Until recently, this might have been regarded as far-fetched, to the uninitiated at least. But after the recent New York Times report of Russian bounties for Taliban fighters who kill Americans, it seems prescient. For Seeger, the revelation came as little surprise. ‘Yes, it’s jaw-dropping,’ he said. ‘Yes, it is tragic. Yes, it is absolutely consistent with who the Russians are.’
Seeger’s wife, Lise Spargo, now an artist, served alongside him in the CIA, giving his fictional depictions of tandem couples an added authenticity. CIA marriages — in one book Seeger describes the Farm as ‘the most expensive dating service in the US’ — tend to be successful because deception can unite a couple rather than divide them. But some secrets remain.
Even as a couple, they operated on a ‘need to know’ basis. ‘The vast majority of what I did, the vast majority of what Lise did, we both knew. But there were compartments. In some cases, I guess I probably never did learn about them. And that’s just the way it works.’
Throughout the novels, Sue O’Connell struggles with the lies she grew up with and at one point confronts her mother, Barbara, saying that the truth is owed to members of a family, even a CIA one. ‘Yes, I owed it to you, but it is hard to stop keeping secrets once you get started,’ her mother replies. Later on, O’Connell reflects that she misses the simplicity of her old life of ‘finding, fixing, and finishing’ terrorists, compared with the intelligence world of ambiguity and opacity.
Seeger learned to deal with it. ‘Deceit isn’t necessarily the same thing as lying,’ he says. ‘There’s a phrase used over and over again in the Agency: “Everything we say is completely true. It’s just not truly complete.” You try to steer as close to the truth as possible or make sure that you guide the conversation in a direction that is not sensitive. You’re providing truth, but it’s not complete.’
As in his CIA career, a constant thread in the books is the bond between US intelligence and Special Forces. The character Jamie, a CIA paramilitary officer in his fifties, served a full military Special Forces career before being ‘trained to run agents, build secret surrogate armies, and, at night, go to diplomatic functions to spot and recruit new spies’. Seeger explains: ‘You’re not going to find me in any of these but real people are there. They will remain nameless, but they know who they are. Jamie’s a no-shit real person.’
Seeger went into battle with the British troops from Special Boat Service (SBS) in Afghanistan in 2001 and they appear in his novels as chipper, unassuming and deadly.
So far, Seeger’s books have made little impact beyond his immediate world of spies and soldiers. Whereas the likes of Valerie Plame, the CIA officer whose identity was controversially revealed around the beginning of the Iraq war, and Britain’s Stella Rimington, former director of MI5, have written blockbuster tomes with big advances, Seeger is still writing principally for personal satisfaction.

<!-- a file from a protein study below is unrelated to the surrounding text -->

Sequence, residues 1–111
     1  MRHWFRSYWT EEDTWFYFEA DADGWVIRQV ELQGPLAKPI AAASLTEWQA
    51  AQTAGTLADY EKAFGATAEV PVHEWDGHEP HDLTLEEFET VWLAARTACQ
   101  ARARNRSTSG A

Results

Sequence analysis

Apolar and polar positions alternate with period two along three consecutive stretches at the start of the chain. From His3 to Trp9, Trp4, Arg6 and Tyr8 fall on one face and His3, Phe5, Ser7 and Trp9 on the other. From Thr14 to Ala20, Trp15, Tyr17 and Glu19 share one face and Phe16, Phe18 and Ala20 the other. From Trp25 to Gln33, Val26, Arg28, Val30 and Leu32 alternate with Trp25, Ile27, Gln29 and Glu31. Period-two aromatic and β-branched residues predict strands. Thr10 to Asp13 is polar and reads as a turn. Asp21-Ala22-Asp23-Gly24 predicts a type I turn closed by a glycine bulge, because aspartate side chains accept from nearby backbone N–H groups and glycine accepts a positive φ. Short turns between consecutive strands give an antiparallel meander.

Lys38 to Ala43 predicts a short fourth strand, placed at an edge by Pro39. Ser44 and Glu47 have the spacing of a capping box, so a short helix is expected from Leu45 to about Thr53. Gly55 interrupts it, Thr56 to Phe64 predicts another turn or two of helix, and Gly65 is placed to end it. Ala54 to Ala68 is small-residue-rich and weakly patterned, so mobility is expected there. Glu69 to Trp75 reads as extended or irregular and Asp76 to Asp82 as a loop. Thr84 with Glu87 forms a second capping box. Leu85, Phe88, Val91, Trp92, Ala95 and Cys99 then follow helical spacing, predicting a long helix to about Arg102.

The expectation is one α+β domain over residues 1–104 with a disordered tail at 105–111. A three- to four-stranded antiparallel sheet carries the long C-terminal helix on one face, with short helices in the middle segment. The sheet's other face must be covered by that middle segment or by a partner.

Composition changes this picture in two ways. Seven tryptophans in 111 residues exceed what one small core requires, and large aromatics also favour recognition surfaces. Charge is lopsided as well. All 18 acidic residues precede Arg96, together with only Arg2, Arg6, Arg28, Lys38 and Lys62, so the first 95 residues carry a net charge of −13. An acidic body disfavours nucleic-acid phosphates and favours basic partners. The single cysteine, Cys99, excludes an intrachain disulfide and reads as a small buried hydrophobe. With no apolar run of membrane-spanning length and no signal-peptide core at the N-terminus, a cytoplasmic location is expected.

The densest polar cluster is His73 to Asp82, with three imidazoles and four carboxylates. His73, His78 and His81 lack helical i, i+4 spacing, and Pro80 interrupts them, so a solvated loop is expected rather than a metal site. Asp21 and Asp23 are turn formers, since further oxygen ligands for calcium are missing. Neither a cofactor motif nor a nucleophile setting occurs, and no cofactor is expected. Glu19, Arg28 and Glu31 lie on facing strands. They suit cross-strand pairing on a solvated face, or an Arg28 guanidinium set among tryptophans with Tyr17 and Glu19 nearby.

Jason Matthews, a former CIA officer of similar vintage to Seeger, wrote the book Red Sparrow, which became the movie of the same name. But that was more a work of the imagination than Seeger’s books, which keep closer to the truth and were published only after he made changes requested by the CIA’s Publications Review Board.
Seeger found major publishers disdainful of his early approaches, and dishonest, even to someone whose career had involved lying and deception. ‘I’m a retired intelligence officer,’ he explained. ‘When I submit something, I put a track in it to see if anybody’s read it. The most mean-spirited review I got was from a person who had never opened it.’
Undeterred, Seeger has a sixth Mike 4 book in the works and has begun a new Steampunk series, a subgenre of science fantasy set in the steam age. ‘It’s Rudyard Kipling meets Stan Lee’s Doctor Strange. So there’s espionage, but there’s mysticism. There’s a Great Game with Germans and Russians and Brits competing. And the first story starts in 1910.’
If his Steampunk books take off, all well and good. But Seeger still works on training contracts with US Special Forces and is restoring his period home in East Aurora. In any event he has the aura of someone who has, as one of his SBS characters might say, been there, done that and got the T-shirt.
For his role leading the CIA’s eight-man team Alpha, which fought alongside the Green Berets and the Northern Alliance in 2001, Seeger was awarded the Intelligence Star for Valor, the equivalent of the US military’s Silver Star.
The only public image of Seeger from that time shows him bearded, wearing sunglasses and a lungee turban, sitting on a horse supplied by the legendarily fearsome Afghan warlord general Abdul Rashid Dostum. The jungle boots Seeger’s wearing, issued to him when he was in the 82nd Airborne Division in the early 1980s, are now in the museum inside the CIA’s headquarters.
This article is in The Spectator’s August 2020 US edition.